Dandelion patches in Ottawa and across Eastern Canada have been playing host to hundreds of thousands of butterflies in recent days due to an unusually large spring migration.

Many of the butterflies are red admirals, which look like smaller versions of monarch butterflies.

si-ott-butterfly-edward-300

Edward Bruggink is Carleton University's greenhouse manager. He says his students first noticed the unusual number of butterflies during research. (CBC)

Laura Drover was walking along the Rideau Canal Thursday, where hundreds of the butterflies were looking for dandelions.

"They're all over the dandelions, they're flittering all around, it's absolutely remarkable," Drover said. "(I don't usually see) this many at this time of the year in Ottawa.

"It's wonderful," she said. "It gives you something to chat about and to really enjoy the leisurely walk and see nature at its best all around you."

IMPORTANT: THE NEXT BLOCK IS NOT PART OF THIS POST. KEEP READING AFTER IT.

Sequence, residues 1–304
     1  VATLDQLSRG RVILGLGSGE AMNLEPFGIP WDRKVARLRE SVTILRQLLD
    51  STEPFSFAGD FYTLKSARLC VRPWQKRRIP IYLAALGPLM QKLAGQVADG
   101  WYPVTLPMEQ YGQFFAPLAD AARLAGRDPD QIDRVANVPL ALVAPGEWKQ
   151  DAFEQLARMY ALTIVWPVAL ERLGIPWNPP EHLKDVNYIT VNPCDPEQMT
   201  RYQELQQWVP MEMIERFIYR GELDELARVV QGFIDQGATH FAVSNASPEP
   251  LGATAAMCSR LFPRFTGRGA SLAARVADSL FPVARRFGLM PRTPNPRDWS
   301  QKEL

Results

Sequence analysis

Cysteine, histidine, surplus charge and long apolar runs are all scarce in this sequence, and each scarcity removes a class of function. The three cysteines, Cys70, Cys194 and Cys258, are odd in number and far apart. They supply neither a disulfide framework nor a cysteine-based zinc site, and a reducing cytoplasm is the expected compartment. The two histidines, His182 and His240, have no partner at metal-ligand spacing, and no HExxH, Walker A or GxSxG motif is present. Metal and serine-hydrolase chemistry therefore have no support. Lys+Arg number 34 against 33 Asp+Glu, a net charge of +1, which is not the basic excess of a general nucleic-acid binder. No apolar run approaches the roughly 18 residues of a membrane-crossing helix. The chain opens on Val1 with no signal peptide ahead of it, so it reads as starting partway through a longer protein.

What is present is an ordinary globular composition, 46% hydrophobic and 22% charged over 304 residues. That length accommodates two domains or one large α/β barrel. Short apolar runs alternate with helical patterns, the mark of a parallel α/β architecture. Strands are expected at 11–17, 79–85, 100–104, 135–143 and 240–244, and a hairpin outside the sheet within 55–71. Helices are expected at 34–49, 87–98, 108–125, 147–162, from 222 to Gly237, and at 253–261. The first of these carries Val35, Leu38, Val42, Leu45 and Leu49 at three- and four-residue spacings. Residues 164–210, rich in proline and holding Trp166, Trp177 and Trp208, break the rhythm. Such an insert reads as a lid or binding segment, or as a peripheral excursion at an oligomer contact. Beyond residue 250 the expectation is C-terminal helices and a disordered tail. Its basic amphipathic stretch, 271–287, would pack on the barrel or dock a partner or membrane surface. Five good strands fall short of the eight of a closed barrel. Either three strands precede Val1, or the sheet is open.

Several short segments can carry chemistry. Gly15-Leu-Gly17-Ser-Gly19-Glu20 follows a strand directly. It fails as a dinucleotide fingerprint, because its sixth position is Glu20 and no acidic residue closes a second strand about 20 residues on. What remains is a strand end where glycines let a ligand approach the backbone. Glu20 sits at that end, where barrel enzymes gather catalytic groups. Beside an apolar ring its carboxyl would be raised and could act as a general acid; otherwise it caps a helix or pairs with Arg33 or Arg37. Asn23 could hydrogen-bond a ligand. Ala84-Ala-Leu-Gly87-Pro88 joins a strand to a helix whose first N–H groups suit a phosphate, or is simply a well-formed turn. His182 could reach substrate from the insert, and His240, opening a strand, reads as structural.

High temperatures in northern U.S. states combined with powerful winds are thought to have contributed to this spring's mass migration, said Edward Bruggink, Carleton University's greenhouse manager.

"It's a bit of a shock," Bruggink said. "Everything's out of whack. Things are not the way they should be at the moment.

"I hear next week it's going to be very cold, so it could be detrimental to the butterflies," Bruggink added.